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FROM ACADEMIC TO ACTIVIST KNOWLEDGES: “Why invest in Romania?” Investment strategies and state interventions advancing real estate development in semi-peripheries

We share the video of a talk by Enikő Vincze, housing justice activist at Căși sociale ACUM!/Social housing NOW! and professor at Babes-Bolyai University in Cluj, Romania, given as part of the seminar series organized by the Torino-based Beyond Inhabitation Lab. The talk presented results of the academic research “Class formation and re-urbanization through real estate development in an Eastern periphery of global capitalism” (REDURB, 2021-2023). However, it ended by formulating some challenging questions that profit-oriented urban development raises for housing activists: If real estate development for profit is a central pillar of global capitalism as it is, how can we imagine and practice struggles against exploitation and dispossession happening via a capital accumulation regime into which this business is so embedded? What kind of alliances should housing movements look for in their endeavors among social movements with other causes or among political initiatives at local and international levels looking to transgress capitalism?      

This talk, which analyzes the transformation of industrial platforms into real estate development sites in Romania, underscores the global interest in the country’s real estate sector. The country’s favorable fiscal regime has attracted diverse investors, as evidenced by the CBRE (real estate services company) data. In the first half of 2021, the total volume of real estate investments in Romania reached 303.6 million euros, with the most significant contributions coming from Austrians, Americans, and Czechs. Buyers from South Africa, Sweden, Switzerland, Germany, and Greece also participated, while Romanians contributed only 1% to the volume of real estate investments. The theoretical/conceptual frame of the REDURB analysis was built on the conviction that we need to consider both global and local processes and actors and the role of both economy and politics in explaining why real estate development as a business emerged and advanced in Romania as it did. 

The talk focuses on the case study in Brașov, situated in the country’s Central Development Region. It illustrates how private investment strategies and state interventions transformed a socialist industrial platform (the Tractorul Factory) into a site for capitalist real estate development (a mixed-use Coresi district including shopping, residential, office, and hotel areas). The investment of 350 million euros was made by Ceetrus, the financialized mixed-use investor-developer company owned by the French multinational Auchan Holding, that entered into partnerships with local companies, such as Kasper Development, Ascenta Management, and Kronwell. 

Beyond this particular case, the talk pinpoints the role post-socialist deindustrialization has played, alongside other factors, in the advancement of real estate development in Romania. Deindustrialization-cum-privatization facilitated the primitive accumulation of capital as it transposed the ownership over the means of production to the hands of the emerging property-owner class. The private property funds created by the state in 1992, responsible for the privatization of factories, owned shares in these enterprises that they could capitalize on later when they were transformed into private equity funds, some with real estate investments. The winners of deindustrialization could direct their capital towards real estate development and investments into funds with shares in real estate. Deindustrialization contributed to the creation of debtors/ entrepreneurs involved in privatization and real estate development, which impacted the flourishing of the banking sector.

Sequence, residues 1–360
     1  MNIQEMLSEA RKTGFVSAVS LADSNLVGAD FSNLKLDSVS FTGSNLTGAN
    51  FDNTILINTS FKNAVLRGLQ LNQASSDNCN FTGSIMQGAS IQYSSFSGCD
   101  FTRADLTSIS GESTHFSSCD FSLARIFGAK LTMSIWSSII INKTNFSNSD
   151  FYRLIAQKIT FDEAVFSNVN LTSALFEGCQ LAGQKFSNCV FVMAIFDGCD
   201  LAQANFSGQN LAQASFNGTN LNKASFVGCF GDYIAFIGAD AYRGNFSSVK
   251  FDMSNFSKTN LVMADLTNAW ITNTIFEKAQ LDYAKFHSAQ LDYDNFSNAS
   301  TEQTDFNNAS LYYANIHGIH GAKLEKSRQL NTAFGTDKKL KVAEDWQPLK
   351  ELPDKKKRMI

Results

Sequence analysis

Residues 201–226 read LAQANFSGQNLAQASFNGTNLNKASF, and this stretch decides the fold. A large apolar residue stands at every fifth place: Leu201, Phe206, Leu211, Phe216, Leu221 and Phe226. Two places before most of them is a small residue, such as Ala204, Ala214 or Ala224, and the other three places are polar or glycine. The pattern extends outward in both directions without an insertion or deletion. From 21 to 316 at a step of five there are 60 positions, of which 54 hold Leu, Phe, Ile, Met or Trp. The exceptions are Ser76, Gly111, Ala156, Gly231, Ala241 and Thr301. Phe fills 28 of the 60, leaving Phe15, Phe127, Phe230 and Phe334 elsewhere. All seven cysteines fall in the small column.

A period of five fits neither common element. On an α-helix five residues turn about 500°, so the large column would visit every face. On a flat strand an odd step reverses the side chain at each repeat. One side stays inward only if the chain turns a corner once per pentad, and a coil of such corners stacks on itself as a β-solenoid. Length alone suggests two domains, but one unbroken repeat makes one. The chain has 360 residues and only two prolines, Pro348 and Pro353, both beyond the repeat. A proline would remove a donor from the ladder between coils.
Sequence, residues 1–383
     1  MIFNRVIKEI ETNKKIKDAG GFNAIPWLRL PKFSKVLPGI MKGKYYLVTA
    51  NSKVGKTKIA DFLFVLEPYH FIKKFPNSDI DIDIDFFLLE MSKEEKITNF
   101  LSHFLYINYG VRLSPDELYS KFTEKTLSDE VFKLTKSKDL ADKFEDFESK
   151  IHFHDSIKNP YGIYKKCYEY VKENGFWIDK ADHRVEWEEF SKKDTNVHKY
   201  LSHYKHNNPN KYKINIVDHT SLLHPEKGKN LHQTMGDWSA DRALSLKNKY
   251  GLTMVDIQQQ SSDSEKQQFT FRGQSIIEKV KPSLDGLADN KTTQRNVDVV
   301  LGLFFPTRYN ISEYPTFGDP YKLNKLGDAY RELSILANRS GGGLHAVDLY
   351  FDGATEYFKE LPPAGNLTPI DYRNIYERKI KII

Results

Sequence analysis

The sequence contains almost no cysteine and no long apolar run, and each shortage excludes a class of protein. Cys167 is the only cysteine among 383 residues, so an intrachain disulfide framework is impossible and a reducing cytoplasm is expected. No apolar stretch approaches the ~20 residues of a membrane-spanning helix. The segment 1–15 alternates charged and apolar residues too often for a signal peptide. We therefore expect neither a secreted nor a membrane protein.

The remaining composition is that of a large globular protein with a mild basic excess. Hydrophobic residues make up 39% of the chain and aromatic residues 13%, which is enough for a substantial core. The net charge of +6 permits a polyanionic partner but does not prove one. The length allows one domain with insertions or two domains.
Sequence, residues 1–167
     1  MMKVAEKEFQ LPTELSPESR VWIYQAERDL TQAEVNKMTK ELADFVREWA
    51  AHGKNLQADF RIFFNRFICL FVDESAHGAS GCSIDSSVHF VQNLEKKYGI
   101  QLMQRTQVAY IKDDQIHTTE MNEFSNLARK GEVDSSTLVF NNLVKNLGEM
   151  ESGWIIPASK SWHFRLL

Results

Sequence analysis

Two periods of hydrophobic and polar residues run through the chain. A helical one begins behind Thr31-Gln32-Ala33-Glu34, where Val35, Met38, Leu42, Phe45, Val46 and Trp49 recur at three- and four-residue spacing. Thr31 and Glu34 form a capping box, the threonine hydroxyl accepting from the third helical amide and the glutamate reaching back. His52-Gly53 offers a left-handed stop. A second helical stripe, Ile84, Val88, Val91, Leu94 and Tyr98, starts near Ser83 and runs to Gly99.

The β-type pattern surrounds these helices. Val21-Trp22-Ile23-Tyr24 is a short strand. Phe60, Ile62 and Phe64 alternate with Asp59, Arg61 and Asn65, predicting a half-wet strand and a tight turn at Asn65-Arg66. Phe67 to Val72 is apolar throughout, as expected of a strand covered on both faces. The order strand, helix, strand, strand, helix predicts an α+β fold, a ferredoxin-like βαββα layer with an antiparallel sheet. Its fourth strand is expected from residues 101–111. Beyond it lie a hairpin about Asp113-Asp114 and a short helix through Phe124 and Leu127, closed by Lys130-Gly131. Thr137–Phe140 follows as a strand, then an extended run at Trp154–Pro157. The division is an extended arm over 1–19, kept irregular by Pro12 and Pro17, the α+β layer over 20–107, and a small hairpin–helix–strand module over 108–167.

Deindustrialization enabled the owners of privatized and bankrupted factories to extract long-term income from renting the lands and buildings usually purchased at a low price from the state to different enterprises, from small productive units to artists, to warehouses, to sports halls. Deindustrialization emptied spaces which, when the capital was ready, could be invested in for new residential, retail, or office buildings or mixed-use complexes, providing the opportunity for owners to combine profit from selling with profit from renting. Lands emptied from industrial production could be used as the collateral and catalyst for loans based on land value.

Deindustrialization facilitated the collaboration between local and global capital. It also contributed to the contraction of the productive economy,  benefitting consumption-based and financialized growth. In Romania, deindustrialization happened in the context of capitalist state and economic restructuring when global capitalism, characterized by uneven geographical development, was already marked by increased financialization. In parallel with the dismantlement of state socialism, the renewed semiperipheral condition of the country favored its use by foreign capital as a source of a cheap labor force, new capital investment opportunities, and markets. Advancing at the turn of the millennium, real estate development in this country was shaped by both deindustrialization and financialization. Investigations of financialization usually show how financialization de-territorializes real estate development by integrating its products into global financial flows. The REDURB analysis re-territorialized investigations of financialization by showing that it is both a spatial and financial process by connecting it to deindustrialization.A collective volume based on the REDURB  research project,  Uneven Real Estate Development in Romania at the Intersection of Deindustrialization and Financialization, edited by Enikő Vincze, Ioana Florea, and Manuel Aalbers, is forthcoming at Routledge.